This review has been ‘repurposed’ from my other site, theOneliner.com
Some would call this film “Man som hatar kvinnor”. Chiefly the Swedish, I’d imagine. Stieg Larsson’s novel gets an adaptation for the screen, and I guess it must be good, seeing as it’s been immediately picked up for an English language remake. Well, that badge of honour has become rather tarnished of late, but The Girl With The Dragon Tattoo turns out to be a pretty decent thriller.
Journalist Mikael Blomkvist (Michael Nyqvist) finds himself on the wrong end of the judge’s gavel in a libel case, sentenced to a few months in the slammer at a time apparently of his choosing. Odd. At any rate, he walks out of court and decides to distance himself from his magazine by resigning, to avoid bringing it into further disrepute. He has little chance to rest before he’s contacted by the aging ex-CEO of the Vanger Concern, Henrik Vanger (Sven-Bertil Taube).
He wants Mikael to play detective for him. Some forty years ago, his young niece Harriet vanished without a trace. The police made no headway, although Henrik suspects foul play on the part of one of his family. In the absence of anything else to do, Mikael takes up the cold case.
Unbeknownst to Mikael, a young computer hacker / private investigator Lisbeth Salander (Noomi Rapace) has been employed to keep tabs on him, but soon winds up joining him in the search to uncover what happened to Harriet. Calling Lisbeth ‘troubled’ would really be doing her a disservice. How she got into her current dark, alienated state will be a recurring sub-plot that echoes the dark secrets that Mikael unearths about the Vanger family.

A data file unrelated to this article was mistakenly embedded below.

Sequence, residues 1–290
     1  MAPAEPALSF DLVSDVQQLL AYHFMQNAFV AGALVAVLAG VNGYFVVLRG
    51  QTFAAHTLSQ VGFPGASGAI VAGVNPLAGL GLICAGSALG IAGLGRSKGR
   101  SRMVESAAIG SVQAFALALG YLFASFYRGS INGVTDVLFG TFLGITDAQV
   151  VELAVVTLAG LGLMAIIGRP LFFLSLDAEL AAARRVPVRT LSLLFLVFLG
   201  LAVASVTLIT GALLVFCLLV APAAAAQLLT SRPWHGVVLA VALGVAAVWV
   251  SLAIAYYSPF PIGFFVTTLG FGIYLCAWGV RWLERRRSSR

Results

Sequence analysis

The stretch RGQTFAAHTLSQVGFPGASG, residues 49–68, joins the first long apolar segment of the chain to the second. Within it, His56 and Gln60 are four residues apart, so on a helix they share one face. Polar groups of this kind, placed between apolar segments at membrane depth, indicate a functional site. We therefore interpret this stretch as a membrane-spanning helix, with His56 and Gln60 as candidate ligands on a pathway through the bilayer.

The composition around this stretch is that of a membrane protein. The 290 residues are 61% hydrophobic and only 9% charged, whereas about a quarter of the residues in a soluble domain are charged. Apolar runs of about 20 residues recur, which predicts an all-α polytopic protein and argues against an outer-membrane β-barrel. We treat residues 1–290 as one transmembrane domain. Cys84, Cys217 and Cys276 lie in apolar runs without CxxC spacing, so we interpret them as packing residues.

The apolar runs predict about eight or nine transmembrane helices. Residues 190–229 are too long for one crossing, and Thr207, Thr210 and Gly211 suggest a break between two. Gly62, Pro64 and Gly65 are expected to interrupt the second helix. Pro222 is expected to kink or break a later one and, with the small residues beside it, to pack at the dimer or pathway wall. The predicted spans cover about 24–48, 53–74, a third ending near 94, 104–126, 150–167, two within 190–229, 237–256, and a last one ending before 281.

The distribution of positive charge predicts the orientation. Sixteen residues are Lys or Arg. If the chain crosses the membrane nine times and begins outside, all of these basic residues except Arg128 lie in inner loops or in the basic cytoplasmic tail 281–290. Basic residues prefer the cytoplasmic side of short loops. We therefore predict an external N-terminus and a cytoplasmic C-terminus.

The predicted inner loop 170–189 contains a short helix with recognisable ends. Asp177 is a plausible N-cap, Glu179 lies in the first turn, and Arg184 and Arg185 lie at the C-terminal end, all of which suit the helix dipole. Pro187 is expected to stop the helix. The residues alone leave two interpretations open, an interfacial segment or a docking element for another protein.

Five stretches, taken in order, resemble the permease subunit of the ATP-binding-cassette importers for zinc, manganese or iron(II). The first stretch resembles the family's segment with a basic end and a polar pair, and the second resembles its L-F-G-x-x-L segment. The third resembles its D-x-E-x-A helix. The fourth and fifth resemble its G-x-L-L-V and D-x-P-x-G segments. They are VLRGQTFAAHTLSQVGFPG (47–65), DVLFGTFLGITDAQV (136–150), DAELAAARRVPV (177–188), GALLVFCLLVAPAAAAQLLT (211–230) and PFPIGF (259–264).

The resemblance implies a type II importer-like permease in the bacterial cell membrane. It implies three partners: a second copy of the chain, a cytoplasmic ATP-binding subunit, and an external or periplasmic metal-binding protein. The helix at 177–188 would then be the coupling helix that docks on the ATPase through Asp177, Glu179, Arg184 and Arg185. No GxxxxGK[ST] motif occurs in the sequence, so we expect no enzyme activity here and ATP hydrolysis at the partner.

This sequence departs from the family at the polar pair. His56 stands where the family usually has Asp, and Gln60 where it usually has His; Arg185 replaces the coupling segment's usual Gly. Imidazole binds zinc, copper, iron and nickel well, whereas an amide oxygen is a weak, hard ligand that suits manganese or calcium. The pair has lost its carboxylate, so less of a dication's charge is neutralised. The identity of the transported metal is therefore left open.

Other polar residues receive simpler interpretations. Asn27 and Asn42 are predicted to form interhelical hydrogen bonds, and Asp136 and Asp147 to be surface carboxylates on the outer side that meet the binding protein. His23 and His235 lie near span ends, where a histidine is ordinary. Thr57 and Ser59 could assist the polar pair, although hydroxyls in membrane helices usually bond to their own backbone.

As murder-mysteries go, The Girl With The Dragon Tattoo is a pretty effective one. The cinematography is, on occasion, absolutely breathtaking. The characters are interesting, well-acted and fleshed out with enough surrounding detail to avoid feeling like mere conduits for plot to run through. It keeps up a decent pace, and there’s never a dull moment.
It’s not perfect, and I think it may well be because there’s never a dull moment. I don’t think I’m being too controversial in saying that both the investigative techniques and events occurring to the investigators skate on the other side of the borders of believability. Not impossible, true, and there’s enough unpleasant people in the world doing unpleasant things to other people that nothing presented here is impossible. It’s pretty damn unlikely, though.
The genius of The Girl With The Dragon Tattoo is that it doesn’t stop for long enough to have you really think about it in any deep way. It’s also not a film that demands any deep inspection for anyone that’s not reviewing it for a website, so perhaps it’s biggest foible won’t be picked up on by most in the audience. Which is a good thing, I suppose, for everyone except me.
I enjoyed The Girl With The Dragon Tattoo whole-heartedly. There’s no point saying much more than that, and there’s also no point waiting for the Hollywood remake to go and see it.